Lawmakers have denounced a “loophole” in the European Commission’s proposed climate target for 2030 and pointed the finger at the EU executive for its hard negotiation style over the EU climate law.
MEPs from across the political spectrum turned up the heat on Frans Timmermans, the executive vice-president of the European Commission, during a heated exchange of views with the bloc’s climate chief on Thursday (4 March).
Lawmakers raised concerns about the Commission’s “net” greenhouse gas reduction target for 2030, which includes carbon removals from agriculture, land use and forestry – so-called “carbon sinks”.
Carbon sinks weren’t included in the EU’s previous climate objectives, something which MEPs said creates a loophole meaning the actual greenhouse gas reductions will be lower than the 55% advertised by the EU executive.
“I must say that we have serious doubts about the nature of the Commission’s proposed net target for 2030,” said Jytte Guteland, a Swedish MEP from the socialists and democrats who is the Parliament’s rapporteur on the 2030 proposal.
“The Commission’s own impact assessment makes clear that there is in fact no certainty how big this will be and what the reduction will be for 2030 with this net approach, so it could be under the ‘at least 55%’,” Guteland said.
The Swedish MEP criticised the current calculation of “carbon sinks”, saying the target failed to take into account forest fires and storms that could reduce the ability of trees to absorb CO2.
To address the issue, many MEPs suggested creating a separate target for sinks, in order to keep track of the EU’s natural carbon stock.
Timmermans defended the proposed net target, saying it is in line with methodologies applied at UN level. He referred to the Commission’s impact assessment, saying it shows that achieving a 55% net reduction in emissions by 2030 is in line with a 1.5°C pathway advocated by the International Panel on Climate Change.
“We believe this to be a fair target also taking account of our historic responsibilities as the EU,” Timmermans said.
But MEPs cited the European Commission’s own estimates to argue that a net target would in fact mean emissions are only reduced by around 53% instead of 55%.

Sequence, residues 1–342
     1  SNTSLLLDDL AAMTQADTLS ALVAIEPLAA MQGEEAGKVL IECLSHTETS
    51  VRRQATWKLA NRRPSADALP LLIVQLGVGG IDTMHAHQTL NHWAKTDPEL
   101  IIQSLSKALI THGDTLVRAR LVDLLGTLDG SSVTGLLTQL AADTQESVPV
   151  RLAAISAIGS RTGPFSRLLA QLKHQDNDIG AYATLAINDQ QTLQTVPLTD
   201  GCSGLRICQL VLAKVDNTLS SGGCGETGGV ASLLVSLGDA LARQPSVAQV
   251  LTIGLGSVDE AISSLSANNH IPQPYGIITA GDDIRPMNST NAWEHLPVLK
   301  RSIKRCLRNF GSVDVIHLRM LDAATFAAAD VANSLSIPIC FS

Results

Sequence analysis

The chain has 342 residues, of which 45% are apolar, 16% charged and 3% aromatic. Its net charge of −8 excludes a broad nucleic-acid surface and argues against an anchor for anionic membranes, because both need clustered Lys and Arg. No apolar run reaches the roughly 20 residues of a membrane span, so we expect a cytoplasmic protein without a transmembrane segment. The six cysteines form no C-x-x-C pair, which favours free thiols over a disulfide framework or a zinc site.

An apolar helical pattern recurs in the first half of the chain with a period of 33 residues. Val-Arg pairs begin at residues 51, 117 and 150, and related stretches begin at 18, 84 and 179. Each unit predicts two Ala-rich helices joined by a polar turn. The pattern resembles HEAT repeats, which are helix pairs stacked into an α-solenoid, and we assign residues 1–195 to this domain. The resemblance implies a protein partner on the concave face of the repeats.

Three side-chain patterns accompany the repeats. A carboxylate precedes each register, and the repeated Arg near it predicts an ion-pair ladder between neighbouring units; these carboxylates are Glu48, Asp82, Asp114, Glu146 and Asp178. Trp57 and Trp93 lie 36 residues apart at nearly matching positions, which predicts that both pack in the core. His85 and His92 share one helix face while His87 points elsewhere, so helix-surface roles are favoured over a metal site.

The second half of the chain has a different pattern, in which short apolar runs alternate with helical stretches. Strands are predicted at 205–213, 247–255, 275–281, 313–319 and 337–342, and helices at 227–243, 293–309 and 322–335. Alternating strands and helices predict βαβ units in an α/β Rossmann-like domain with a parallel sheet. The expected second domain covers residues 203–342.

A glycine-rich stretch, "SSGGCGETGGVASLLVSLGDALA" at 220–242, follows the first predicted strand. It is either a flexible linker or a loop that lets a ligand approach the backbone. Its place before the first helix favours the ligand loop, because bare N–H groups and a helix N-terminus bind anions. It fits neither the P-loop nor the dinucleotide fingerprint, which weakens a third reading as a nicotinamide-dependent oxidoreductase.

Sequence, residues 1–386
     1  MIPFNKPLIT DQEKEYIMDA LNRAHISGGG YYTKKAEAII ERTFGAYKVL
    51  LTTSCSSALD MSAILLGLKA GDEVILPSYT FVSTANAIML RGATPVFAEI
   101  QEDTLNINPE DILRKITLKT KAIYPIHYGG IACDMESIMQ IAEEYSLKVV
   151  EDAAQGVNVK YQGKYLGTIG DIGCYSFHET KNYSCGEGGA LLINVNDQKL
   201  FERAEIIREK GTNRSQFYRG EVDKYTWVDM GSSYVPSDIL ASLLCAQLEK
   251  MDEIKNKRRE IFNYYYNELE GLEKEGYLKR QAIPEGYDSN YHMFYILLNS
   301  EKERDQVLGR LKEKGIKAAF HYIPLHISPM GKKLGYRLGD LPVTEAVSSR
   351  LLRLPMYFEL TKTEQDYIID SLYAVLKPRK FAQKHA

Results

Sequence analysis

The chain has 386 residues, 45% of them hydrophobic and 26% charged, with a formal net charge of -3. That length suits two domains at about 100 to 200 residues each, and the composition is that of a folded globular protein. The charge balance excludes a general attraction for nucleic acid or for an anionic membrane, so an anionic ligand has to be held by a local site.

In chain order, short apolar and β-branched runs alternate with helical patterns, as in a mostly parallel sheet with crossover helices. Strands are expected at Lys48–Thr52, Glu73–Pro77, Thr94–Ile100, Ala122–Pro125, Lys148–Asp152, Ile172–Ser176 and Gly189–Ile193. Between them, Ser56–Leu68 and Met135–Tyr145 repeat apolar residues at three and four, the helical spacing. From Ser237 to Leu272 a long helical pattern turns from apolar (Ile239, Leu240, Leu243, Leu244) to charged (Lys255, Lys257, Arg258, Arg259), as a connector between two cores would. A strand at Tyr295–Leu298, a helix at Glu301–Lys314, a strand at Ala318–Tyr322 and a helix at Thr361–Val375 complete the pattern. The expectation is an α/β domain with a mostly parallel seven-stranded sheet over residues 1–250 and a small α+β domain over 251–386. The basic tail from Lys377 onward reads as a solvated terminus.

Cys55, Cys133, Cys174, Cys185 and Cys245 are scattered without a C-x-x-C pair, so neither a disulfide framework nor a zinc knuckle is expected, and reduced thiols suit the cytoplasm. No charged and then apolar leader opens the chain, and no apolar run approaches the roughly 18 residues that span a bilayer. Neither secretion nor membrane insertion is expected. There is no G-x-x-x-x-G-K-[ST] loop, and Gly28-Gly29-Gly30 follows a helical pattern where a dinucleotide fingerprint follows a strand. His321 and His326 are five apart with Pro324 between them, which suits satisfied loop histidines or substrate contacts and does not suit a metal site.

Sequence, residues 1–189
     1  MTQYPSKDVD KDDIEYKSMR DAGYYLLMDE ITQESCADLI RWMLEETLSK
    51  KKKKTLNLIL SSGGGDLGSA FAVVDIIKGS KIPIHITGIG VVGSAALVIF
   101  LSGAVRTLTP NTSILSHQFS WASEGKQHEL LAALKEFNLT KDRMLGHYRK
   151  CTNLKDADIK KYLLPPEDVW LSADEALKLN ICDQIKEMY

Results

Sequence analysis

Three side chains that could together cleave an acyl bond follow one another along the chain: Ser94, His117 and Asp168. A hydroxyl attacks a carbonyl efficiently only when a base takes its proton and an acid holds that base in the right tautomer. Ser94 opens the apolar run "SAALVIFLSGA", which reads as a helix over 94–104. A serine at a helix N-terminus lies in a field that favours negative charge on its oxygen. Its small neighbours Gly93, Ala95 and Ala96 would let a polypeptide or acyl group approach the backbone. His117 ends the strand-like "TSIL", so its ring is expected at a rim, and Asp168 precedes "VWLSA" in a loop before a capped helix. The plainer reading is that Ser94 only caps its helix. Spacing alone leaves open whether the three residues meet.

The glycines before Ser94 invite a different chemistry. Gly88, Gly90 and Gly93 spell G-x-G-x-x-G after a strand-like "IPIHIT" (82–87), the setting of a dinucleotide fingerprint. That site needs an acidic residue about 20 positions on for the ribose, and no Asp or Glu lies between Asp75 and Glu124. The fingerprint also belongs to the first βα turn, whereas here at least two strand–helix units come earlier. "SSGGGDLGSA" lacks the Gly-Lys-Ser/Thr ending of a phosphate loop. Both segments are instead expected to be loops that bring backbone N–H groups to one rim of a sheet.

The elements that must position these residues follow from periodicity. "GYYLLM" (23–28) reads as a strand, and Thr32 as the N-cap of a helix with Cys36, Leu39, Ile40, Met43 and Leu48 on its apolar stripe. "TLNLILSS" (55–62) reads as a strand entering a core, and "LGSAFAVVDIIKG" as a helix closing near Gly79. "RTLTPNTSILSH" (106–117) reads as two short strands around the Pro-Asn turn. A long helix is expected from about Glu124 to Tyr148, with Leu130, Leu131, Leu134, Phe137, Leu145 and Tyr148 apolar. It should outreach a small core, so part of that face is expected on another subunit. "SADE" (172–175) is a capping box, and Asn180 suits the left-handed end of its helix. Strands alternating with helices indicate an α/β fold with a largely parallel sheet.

Others, meanwhile, have said that using 1990 as a baseline for calculating the EU’s 2030 objective is misleading because emissions rapidly decreased in the 1990s after the Soviet Union broke up. A 55% reduction compared to 1990 is in fact equivalent to a 42% reduction on 2018 levels, warned climate activist Greta Thunberg.
MEPs also criticised the Commission’s approach to negotiations over the EU’s climate law, which seeks to make the bloc’s climate neutrality goal a legally-binding objective.
The Commission is supposed to act as an honest broker during three-way talks with the European Parliament and the EU Council of Ministers, but lawmakers argued that it is failing in this task.
Moreover, MEPs blamed the EU executive for ignoring the Parliament’s call for a 60% target in its cost-benefit analysis on the 2030 target.
The possibilities are there because the impact assessment does not include all the more ambitious scenarios like on transport and other sectoral policies, but the Commission has deliberately not explored these, said Green MEP, Bas Eickhout.
“We in the parliament agreed on 60% as our climate target as democratically elected representatives and you’re ignoring this when you are making your calculations,” said Michael Bloss, a German MEP from the Green party.
“We have been waiting for constructive proposals from the Council and Commission, but they have refused to acknowledge the need to compromise. This take it or leave it attitude must change if a deal on the climate law is to be achieved,” he said.
“I’m not ignoring your position,” Timmermans replied. “I just don’t agree with it,” he added, saying the Commission would do its best to find a compromise.
The issue of forests as an economic resource, a carbon sink and home for biodiversity was also the subject of intense discussions, with Timmermans defending a balanced approach on the matter.
The Commission will soon put forward a legislative proposal in response to the Parliament’s call for mandatory due diligence when it comes to EU consumption and deforestation, he said.
One of the most highly anticipated pieces of legislation in the upcoming June package is the revision of the emissions trading scheme (ETS). The Commission is currently running an impact assessment on extending this to cover more sectors, possibly maritime and road transport as well as buildings.
However, road transport is already covered by CO2 emission standards and there are concerns that adding it to the ETS’ remit could have a direct impact on consumers, including an increase in fuel prices.
“While the S&D group welcomes the introduction of the maritime transport to the ETS, we cannot say the same for the road transport,” said Guteland. “While we currently do not have any major reduction targets for shipping, we actually already have in place decent CO2 standards for road transport,” she remarked.
Timmermans has said earlier that he was personally against including road transport in the ETS. But he declined to confirm what was being considered, saying only that the social aspect of the ETS reform will be looked at.